James Cook's third and final voyage (12 July 1776 – 4 October 1780) took the route from Plymouth via Cape Town and Tenerife to New Zealand and the Hawaiian Islands, and along the North American coast to the Bering Strait.
Its ostensible purpose was to return Omai, a young man from Raiatea, to his homeland, but the Admiralty used this as a cover for their plan to send Cook on a voyage to discover the Northwest Passage. HMS Resolution, to be commanded by Cook, and HMS Discovery, commanded by Charles Clerke, were prepared for the voyage which started from Plymouth in 1776.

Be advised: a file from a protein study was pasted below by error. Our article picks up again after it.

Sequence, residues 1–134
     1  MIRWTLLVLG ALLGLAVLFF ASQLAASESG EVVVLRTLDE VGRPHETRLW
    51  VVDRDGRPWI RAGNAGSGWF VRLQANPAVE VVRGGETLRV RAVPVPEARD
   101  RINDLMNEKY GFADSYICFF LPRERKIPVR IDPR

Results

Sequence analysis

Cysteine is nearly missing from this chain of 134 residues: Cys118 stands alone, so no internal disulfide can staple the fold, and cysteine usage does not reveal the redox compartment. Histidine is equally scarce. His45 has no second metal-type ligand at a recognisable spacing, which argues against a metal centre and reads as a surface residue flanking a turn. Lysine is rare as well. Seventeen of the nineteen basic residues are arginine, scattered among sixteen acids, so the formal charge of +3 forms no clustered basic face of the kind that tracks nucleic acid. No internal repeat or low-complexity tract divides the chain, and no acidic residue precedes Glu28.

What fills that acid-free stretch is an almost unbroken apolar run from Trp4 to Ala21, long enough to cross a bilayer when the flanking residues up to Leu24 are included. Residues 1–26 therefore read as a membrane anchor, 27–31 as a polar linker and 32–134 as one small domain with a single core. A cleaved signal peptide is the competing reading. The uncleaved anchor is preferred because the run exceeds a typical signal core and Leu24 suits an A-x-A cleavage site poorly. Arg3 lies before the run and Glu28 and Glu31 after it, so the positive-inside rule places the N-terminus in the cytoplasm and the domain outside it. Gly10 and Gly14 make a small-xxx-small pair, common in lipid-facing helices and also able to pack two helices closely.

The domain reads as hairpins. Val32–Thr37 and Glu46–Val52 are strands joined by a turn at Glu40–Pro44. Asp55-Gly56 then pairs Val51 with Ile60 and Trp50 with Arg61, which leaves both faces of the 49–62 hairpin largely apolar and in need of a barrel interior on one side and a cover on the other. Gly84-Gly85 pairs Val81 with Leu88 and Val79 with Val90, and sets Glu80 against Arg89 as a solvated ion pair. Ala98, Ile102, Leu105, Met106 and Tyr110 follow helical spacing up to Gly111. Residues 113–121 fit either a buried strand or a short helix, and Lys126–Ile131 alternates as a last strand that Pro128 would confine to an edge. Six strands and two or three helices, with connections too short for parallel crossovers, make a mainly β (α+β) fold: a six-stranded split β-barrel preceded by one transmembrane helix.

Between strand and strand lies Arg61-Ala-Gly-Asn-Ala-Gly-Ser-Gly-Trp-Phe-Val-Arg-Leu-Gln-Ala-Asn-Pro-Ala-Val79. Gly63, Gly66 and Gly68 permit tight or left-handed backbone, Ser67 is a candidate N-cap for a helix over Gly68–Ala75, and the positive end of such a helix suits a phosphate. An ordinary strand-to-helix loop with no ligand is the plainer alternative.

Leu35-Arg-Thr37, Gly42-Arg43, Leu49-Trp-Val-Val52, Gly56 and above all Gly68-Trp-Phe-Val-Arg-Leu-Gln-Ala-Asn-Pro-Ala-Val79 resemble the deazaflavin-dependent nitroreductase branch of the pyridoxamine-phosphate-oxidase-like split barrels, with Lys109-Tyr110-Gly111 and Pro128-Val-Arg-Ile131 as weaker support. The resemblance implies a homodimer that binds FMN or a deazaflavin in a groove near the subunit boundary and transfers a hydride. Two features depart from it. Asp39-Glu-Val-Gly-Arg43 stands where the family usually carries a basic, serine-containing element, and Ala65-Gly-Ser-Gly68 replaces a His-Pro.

Omai was returned to his homeland and the ships sailed onwards, encountering the Hawaiian Archipelago, before reaching the Pacific coast of North America. The two charted the west coast of the continent and passed through the Bering Strait when they were stopped by ice from sailing either east or west. The vessels returned to the Pacific and called briefly at the Aleutians before retiring towards Hawaii for the winter.
At Kealakekua Bay, a number of quarrels broke out between the Europeans and Hawaiians culminating in Cook's death in a violent exchange on 14 February 1779. The command of the expedition was assumed by Charles Clerke who tried in vain to find the passage before his own death. Under the command of John Gore the crews returned to a subdued welcome in London in October 1780.